What Is Sugar Intolerance in Children?
Birthday cake. Halloween candy. Pizza. Hot dogs. For kids with Sucrose Intolerance, a rare inherited disorder caused by Congenital Sucrase-Isomaltase Deficiency (CSID), eating these foods results in some fairly unpleasant consequences, including stomach aches, bloating, gas, chronic diarrhea, and more.
But it’s not just those kid staples. Children with CSID, also informally referred to as “Sugar Intolerance,” find it hard to tolerate any food – even “healthy” stuff, like apples and bananas! – that contains sugar or starches, which the body breaks down into fructose and glucose, major sources of energy for the body.
So, what’s going on here? Let’s call it the “Case of the Missing Enzyme Function.”
With Sugar Intolerance, children lack (or have very low levels of) certain chemicals, called enzymes, which are required to digest sucrose (table sugar). This type of sugar is added to packaged foods and it occurs naturally in those apples and bananas. Those missing enzymes also impact the digestion of a starch called maltose, which is found in grains, as well as in some kids’ favorite vegetables, corn and potatoes.
Kids with CSID have the deficiency at birth because it is genetic, but you might not notice it until you start introducing your baby to solid foods, at around four to six months. First foods – typically rice cereal, pureed bananas, peas – are loaded with sugars and starch.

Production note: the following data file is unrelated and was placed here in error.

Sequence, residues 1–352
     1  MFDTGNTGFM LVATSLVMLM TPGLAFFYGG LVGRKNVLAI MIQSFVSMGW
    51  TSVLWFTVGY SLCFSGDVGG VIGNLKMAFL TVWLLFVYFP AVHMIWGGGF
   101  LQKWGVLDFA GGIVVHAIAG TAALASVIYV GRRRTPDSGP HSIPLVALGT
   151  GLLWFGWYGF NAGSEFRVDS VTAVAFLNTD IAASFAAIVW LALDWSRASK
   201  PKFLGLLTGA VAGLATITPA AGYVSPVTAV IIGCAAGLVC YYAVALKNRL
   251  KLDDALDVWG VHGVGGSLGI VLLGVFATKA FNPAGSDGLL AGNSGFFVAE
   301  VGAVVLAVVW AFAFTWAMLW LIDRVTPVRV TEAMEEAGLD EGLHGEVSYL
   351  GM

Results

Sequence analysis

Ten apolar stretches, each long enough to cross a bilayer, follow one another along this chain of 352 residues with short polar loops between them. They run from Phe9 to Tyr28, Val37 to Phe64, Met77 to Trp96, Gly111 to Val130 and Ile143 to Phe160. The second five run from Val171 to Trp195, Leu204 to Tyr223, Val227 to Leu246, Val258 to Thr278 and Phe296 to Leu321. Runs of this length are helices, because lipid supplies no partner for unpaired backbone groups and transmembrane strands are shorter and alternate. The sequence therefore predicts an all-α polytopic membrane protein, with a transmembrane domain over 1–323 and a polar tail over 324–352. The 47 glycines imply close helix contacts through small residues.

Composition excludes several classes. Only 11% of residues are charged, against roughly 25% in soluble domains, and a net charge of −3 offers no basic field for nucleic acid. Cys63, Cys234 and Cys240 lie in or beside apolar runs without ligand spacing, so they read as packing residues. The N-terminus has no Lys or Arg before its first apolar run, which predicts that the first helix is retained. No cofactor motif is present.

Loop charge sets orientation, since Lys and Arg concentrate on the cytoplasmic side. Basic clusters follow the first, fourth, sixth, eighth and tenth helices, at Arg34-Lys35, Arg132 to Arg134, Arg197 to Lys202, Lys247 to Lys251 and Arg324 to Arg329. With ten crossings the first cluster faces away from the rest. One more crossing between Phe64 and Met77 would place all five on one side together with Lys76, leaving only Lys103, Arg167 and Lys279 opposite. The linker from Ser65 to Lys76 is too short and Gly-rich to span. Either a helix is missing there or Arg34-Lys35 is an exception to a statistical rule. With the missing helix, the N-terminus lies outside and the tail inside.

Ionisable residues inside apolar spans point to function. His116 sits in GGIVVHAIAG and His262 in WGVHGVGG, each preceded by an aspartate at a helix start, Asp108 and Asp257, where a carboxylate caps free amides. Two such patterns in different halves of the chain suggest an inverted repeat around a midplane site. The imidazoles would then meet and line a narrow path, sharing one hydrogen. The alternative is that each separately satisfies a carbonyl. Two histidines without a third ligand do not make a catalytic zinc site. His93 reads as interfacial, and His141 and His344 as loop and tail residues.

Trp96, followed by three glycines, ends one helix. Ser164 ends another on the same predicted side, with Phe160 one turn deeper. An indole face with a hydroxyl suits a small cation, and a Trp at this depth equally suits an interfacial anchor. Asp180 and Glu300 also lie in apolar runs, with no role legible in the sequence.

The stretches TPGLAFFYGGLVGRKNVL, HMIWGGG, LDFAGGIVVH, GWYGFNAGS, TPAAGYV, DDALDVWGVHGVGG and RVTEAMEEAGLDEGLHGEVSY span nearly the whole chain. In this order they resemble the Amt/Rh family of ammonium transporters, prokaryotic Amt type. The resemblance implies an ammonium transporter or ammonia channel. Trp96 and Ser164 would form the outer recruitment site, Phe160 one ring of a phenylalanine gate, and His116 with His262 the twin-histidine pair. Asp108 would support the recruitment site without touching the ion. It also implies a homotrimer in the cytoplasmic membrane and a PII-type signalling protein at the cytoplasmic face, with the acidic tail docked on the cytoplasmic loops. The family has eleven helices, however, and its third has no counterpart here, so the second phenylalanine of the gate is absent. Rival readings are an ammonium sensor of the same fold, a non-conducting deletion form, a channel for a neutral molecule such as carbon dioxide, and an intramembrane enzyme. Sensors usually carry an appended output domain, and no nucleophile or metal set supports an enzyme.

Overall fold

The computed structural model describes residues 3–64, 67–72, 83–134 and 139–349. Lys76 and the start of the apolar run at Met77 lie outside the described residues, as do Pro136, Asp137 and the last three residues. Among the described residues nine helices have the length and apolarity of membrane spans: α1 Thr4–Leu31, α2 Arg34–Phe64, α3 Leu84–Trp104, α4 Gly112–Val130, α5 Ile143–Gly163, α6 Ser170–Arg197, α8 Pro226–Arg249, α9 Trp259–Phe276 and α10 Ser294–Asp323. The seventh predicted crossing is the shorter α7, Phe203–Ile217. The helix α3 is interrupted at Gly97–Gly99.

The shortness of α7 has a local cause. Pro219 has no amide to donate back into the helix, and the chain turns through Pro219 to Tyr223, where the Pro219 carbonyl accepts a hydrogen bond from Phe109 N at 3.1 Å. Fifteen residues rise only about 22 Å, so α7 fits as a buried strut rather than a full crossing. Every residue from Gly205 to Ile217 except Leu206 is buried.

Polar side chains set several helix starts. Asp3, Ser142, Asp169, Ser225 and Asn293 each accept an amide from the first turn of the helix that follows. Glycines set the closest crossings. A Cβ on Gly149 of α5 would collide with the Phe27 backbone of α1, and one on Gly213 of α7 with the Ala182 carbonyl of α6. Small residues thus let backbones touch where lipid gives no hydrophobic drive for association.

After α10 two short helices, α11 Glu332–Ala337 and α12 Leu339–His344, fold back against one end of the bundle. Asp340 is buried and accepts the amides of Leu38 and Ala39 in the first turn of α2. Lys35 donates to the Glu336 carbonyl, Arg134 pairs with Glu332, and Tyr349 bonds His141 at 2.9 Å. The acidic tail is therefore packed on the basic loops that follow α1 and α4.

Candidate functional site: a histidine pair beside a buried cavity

When those sugars and starches aren’t digested properly, they slip into the colon where the bacteria go to work; and that’s when the symptoms start: chronic diarrhea (which is loose, watery stools three or more times a day), gas, bloating, vomiting, irritability, and even some diaper rash that defies even the strongest diaper cream.
Untreated, over time, CSID can lead to malnutrition, making it difficult for your child to gain weight and grow properly, a condition known as “failure to thrive.”
Treatment is simple though it does involve a fairly strict diet, so it’s not always easy to manage.
But the real challenge is getting the proper diagnosis. That’s because CSID is a very rare disease, which means most doctors, including pediatricians, don’t see enough cases to recognize it. Instead, they often think the symptoms of CSID are signs of other, more common gastrointestinal (GI) conditions.
Without a correct diagnosis, your child isn’t going to get the right treatment to really feel better. It’s best to see a specialist called a pediatric gastroenterologist (GI), who can use the newest tests for diagnosing sugar intolerance in children.
Fortunately, once CSID is diagnosed, both medication and specialized diet plans can have your child eating again without incident. Seek out a savvy registered dietitian (RD) with a recipe box of kid-favorite substitutes, and soon you can even whip up some CSID-friendly pizza!